Sunday, March 18, 2012

WIP, Easter Egg Dolls

This is a convoluted 'Work-in-Progress' post that demonstrates my adult 'attention deficit' approach to doll making. I get very little doll work accomplished, but it does relax me and makes me happy :-) I have done a lot of business travel this past winter, and thinking about all of this and doing searches on my iPad has been a great way to deal with airport delays!
So my original goal was to finish some unfinished sculpts I had done several years ago. I wanted to experiment with a couple of new techniques since these originals were done in paper clay and in general they are too big for my current taste. At first I was worried that the paperclay was not quite rigid enough, and they would dent when they tip over or fall to the floor (I intend to let grand-children play with them) . After consulting with several doll makers, the general consensus was to do a cloth over type technique. This works best with a bald head, but my creations had sculpted hair. Two of the three heads I was content with the results, but the third (the middle head with the most detail ) I was unhappy, and ripped the fabric off. She is now a bit damage and will need some repair. However while working with her, I know now what type of doll she will be-- she is a mermaid and will not be a doll to play with, so I have abandoned the need to do a cloth over for her. As a fantasy type doll, I realized I wanted to do a different type of painting which lead me to a new digression.. working with pigments. . I typically paint with oils in a painterly type of style that works well with a folk art style. I think this lovely mermaid needs a more delicate application of color, and wanted to try pigments using a chalking technique. Chalking approximates the look you get with a Parian doll in porcelain in that you build up transparent layers of color that is matte. The backup option would be to use watercolors, but I really was motivated to try chalking. This requires a perfectly smooth, matte surface which lead to yet another technique that might enhance the look I am after.... gofun! In traditional Japanese doll making, the wood sculpts are covered with a 'gesso-like' material made from crushed oyster shells and hide glue. This material can be sanded and burnished to give a hard, eggshell like surface to paint. The problem with the gofun idea, is there will be some trial and error experimentation that needs to be done to figure out the correct ratio of glue to oyster shells to get the surface I want. I did lots of internet searches on Gofun, but the recipes are not consistent. So this lead me to the final craziness... I wanted to create a series of heads to test recipes. I had a mold of one of my original sculpts that I thought would be fine, and I could sculpt over them (hair) which would approximate the surface detail in my mermaid. So as I am sculpting these gals, and of course I get attached to them and want them to be real dolls. I pulled out my Hertwig parian dolls, gazing at them and said 'Oh My', these test dolls I could dress in 'Easter Egg' colored dress. So I am currently pouring and sculpting my test heads, and looking at Easter Egg colored batiste. I wonder if I will get any of these dolls done :-)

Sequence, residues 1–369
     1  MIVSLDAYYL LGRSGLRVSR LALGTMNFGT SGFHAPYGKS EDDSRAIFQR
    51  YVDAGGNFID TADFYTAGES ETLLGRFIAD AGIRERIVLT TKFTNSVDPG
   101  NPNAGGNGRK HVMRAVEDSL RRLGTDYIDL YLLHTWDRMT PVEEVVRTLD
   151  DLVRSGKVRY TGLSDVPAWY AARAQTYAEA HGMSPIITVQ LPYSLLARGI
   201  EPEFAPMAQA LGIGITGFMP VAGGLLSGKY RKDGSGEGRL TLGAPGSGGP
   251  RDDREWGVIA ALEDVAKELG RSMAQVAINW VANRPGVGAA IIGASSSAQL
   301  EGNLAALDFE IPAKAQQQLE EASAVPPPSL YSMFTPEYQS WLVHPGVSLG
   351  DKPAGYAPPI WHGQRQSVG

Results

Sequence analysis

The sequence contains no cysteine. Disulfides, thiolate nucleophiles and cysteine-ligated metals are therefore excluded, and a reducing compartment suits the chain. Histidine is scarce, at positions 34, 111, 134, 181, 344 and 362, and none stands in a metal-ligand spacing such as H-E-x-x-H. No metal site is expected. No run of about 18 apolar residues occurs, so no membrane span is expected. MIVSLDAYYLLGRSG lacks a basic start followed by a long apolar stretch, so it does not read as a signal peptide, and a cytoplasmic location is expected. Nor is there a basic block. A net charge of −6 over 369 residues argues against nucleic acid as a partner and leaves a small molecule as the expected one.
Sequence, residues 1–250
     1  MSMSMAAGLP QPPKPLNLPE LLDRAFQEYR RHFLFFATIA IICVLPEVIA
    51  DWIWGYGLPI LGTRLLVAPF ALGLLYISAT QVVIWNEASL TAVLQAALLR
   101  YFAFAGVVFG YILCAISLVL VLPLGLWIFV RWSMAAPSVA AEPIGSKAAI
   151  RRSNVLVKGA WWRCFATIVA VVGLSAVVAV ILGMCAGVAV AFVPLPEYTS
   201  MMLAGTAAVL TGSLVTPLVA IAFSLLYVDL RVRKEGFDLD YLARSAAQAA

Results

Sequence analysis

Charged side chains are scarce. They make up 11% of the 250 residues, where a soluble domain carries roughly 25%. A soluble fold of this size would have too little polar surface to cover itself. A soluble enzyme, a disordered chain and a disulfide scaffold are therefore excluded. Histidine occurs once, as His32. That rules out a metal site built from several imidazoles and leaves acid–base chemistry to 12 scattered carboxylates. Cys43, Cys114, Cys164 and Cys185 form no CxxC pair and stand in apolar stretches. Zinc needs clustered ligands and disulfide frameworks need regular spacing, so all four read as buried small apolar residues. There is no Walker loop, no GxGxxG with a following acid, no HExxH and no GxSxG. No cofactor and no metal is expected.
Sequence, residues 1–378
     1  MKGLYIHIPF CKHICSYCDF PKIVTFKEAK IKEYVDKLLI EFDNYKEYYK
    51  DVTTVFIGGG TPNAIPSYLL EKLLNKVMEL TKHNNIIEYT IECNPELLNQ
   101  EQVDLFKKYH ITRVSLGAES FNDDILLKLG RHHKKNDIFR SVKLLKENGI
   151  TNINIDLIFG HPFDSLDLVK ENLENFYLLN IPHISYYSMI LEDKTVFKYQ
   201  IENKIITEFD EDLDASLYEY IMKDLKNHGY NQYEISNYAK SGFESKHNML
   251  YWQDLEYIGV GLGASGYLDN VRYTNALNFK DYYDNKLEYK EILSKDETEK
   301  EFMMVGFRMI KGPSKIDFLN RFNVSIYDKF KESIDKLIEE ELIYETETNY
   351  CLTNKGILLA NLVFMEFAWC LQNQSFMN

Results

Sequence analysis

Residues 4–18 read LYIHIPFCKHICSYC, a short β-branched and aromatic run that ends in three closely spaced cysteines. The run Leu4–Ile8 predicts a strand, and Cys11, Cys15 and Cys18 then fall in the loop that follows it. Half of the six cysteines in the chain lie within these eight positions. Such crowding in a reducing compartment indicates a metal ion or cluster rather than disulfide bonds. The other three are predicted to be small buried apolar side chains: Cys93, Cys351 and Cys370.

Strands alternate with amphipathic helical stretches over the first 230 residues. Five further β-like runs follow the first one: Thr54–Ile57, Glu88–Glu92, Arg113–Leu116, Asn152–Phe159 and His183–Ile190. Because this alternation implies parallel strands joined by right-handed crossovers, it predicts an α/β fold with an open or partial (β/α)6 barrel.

Saturday, March 03, 2012

My New Collection, A is for Annabelle Update

Early on when I started this blog, I shared one of my many doll obsessions of having my own Annabelle doll , trunk, and accessories as described in the classic book by Tasha Tudor 'A is for Annabelle'. At that time I was painting 10 inch papermache french fashion dolls and making tiny clothes, but somehow that didn't quite satisfy me. I kept looking at antique dolls and wishing I could create a collection of antique dolls and accessories. I looked at antique fashion dolls for years, but never found one that really spoke to me. I found her this spring. I must have haunted the website where she was offered, since I could not get her out of my mind. So eventually I knew I had to purchase her.
She is a German made ( maybe 1870s) bald and wigged china which had the most serene and charming expression. She was my Annabelle, and I knew it right away. To me she looks like a young lady, not quite yet a woman. She captured the excitement and delight of pretty clothes, ribbon, and pretty flowers captured in Tasha's classic book. As I was searching antique online doll listings, I also found a damaged shoulder head, a German Kling china head that was actually a boy. His head is perfect, but unfortunately his body is in poor condition. But the price was right and I thought, fantastic, Annabelle has a little brother. I am still on the hunt for a china baby ( rare and likely costly), but haven't found the right one. You might notice the frozen Charlie doll in the group shot. I purchased him thinking he would do, but I think he is too big to be in scale with the other dolls. He's pretty though, isn't he! My most recent acquisition is an antique trunk big enough to fit them all in, and you can see my dear Annabelle looks wonderful sitting on the lovely tray. So my ambition is to someday have a set of clothing for Annabelle and her brother and a few accessories. My current thinking is that I can make some new clothes (from antique fabrics), but I should try to find a couple of antique gowns and accessories. And lastly, I am slightly re-interpreting the Annabelle story to reflect a big sister and her younger siblings. Somehow that feels right to me!

So here is my questions, what is Annabelle's brother's name ? If you have any great ideas, please leave your suggestion in a comment!

Ta Ta for now my lovelies!